Hi everybody! Hope you had a lovely weekend. Several months ago Shannon from Luvinthemommyhood and I got chatting about sewing with knits. We were both on a little kick and wanting to sew more with knits and just learn a few more tricks.
Who doesn’t love a comfy knit t-shirt or top? I think almost everything I own (besides some of the things I’ve made for myself) is made with knit fabric. It’s soft, stretchy, and downright comfy!
So we’re putting together a few weeks worth of information on sewing with knits:
Sewing with Knits Mondays
Each Monday for the next month or so we’ll feature either a new tutorial or technique on both blogs. Hope you’ll join us and maybe conquer that fear of sewing up something cute and comfy.
Grab a little button if you’d like and join along, the code is over on my right sidebar!
And be sure to stop over at Luvinthemommyhood to check out Shannon’s super cute Poppy Top!
For the first week I wanted to share something nice and cool for these hot and humid summer months: a basic racerback tank. You might have remembered I made one similar using regular woven fabric cut on the bias, this is a little variation on that same idea.
1 yard knit fabric, something with stretch to it
ball point needle
thread (polyester or polyester blend is best)
walking foot (optional)
twin needle (optional)
I love this project because I scored a nice lightweight stretchy knit for $1 a yard at my local Hancock fabrics (you’d be able to find something similar at joanns, etc). It took me about an hour to make. So it’s a one dollar, one hour project, pretty cool right?!
Making the pattern:
Grab a regular t-shirt that fits you well.
Fold it in half. You don’t really have to be too precise here, just make a similar shape as to what I show in this picture. I like layering my tanks so I wanted somewhat loose fitting and long. Like a higher neckline? You can do that! just move up the curve of the neckline. It’s amazing what you can do when you make your own clothes. Oh, and if you wanted to try this with a woven cut on the bias, you can add a little dart right under the arm on the front piece.
Now fold the t-shirt in half the other way, this will be the back. Again, just make the basic shape, nothing too scientific about it. Just make sure the bottom of the arm opening matches that of you existing t-shirt or slightly higher. Cut out your 2 pattern pieces being sure to mark where to place the pattern on the fold.
Next, cut 2″ wide strips across the grain of the fabric (side to side the stretchy way). This will be the binding for the neck and arm holes.
Sew one shoulder seam together. You could use a walking foot and a stitch that looks something like this might be an option on your machine:
Don’t worry if your machine just has a basic stitch, just use that and lengthen your stitch length or do a narrow and long zig zag stitch.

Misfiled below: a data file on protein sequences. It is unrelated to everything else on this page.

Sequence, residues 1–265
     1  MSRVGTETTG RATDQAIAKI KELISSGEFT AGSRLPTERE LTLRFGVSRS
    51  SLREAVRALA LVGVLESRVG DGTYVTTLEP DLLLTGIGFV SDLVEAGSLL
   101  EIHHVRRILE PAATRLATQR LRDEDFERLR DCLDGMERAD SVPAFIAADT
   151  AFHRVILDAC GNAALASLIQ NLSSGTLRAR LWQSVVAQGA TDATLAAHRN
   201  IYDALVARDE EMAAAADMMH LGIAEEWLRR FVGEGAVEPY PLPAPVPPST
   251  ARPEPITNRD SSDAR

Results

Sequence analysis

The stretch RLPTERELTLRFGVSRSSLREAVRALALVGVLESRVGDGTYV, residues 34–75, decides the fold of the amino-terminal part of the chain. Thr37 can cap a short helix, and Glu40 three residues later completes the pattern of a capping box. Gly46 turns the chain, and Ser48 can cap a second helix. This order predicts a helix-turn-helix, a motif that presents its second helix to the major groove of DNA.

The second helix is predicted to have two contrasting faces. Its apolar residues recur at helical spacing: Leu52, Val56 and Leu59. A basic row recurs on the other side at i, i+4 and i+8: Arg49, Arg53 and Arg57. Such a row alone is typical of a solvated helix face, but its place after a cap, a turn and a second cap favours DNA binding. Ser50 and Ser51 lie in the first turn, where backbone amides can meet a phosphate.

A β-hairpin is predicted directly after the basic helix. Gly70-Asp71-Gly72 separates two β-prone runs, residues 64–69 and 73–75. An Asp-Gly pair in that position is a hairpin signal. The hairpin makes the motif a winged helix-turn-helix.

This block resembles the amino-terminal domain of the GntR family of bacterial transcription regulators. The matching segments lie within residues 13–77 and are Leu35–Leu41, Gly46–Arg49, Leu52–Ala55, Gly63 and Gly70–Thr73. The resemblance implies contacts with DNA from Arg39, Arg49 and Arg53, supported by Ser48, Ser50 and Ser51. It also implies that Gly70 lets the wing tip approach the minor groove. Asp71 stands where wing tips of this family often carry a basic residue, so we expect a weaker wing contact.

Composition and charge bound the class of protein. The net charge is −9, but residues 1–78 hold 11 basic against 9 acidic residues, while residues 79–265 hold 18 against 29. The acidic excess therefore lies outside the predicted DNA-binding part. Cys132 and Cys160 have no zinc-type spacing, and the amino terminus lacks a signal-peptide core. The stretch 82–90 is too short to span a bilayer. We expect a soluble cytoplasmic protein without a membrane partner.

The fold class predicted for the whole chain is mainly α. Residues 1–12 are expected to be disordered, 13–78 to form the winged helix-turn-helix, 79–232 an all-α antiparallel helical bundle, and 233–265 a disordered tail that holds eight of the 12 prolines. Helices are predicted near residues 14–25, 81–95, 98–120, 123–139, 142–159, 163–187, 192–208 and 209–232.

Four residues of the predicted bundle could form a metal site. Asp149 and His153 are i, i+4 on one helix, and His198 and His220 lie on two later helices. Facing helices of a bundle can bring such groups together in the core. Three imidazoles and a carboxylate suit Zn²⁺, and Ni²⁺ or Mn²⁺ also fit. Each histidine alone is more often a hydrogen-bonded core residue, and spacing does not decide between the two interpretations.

[I do want to stop and point out that Omi Creates does a really nice job of explaining this same binding technique that I’m using here with a baby onesie, so I’d definitely recommend at least reading through her tutorial for some great tips about sewing with knits!]
Next grab one of the 2″ binding strips and cut it to be about 75% of the total length you need to go around the neck opening and around the back part of the neck opening. You might want to stretch your binding a bit and see if it will stretch enough to fit the whole length since you’ll be stretching the binding slightly as you sew it on to the tank. Place it RIGHT sides together with the tank, aligning raw edges. I sewed it using a 3/8″ seam allowance.
Stretch the binding strip slightly as you sew (in the direction of the red arrow, towards you), but just let the front and back of the tank pieces get pulled along by the feed dogs on your machine.
Press with seam facing upwards toward the neck opening. Next you’ll flip the binding around the the back (WRONG) side of the fabric like this:
You’ll want to sew on the top side though since the stitching will be very visible.
Set your machine to a medium width, medium length zig zag stitch and sew all along the binding, trying to keep the binding about the same width. You could pin it all in place, but I found that it was pretty easy just to fold it over and sew as I went. Sewing on top of the binding is where you could alternately use a twin needle instead of a zig zag stitch.
Trim excess binding from back:
Sew the remaining shoulder seam together.
Then sew both side seams (no pic of this but, just put them RIGHT sides facing and sew). Press.
Sewing the armhole binding is similar to the neck binding.
Again, cut the binding strips to about 75% of the total length you’ll need.
But this time, you’ll fold in in a loop and sew the seam along the short side of the binding strips, making a circle. Attach the binding the same way as the neck seam. That’s it! You could hem the bottom, but I really like the raw edge look, so I just left mine. Now put on your tank and get some relief of the heat.
Purple knit: Hancock fabrics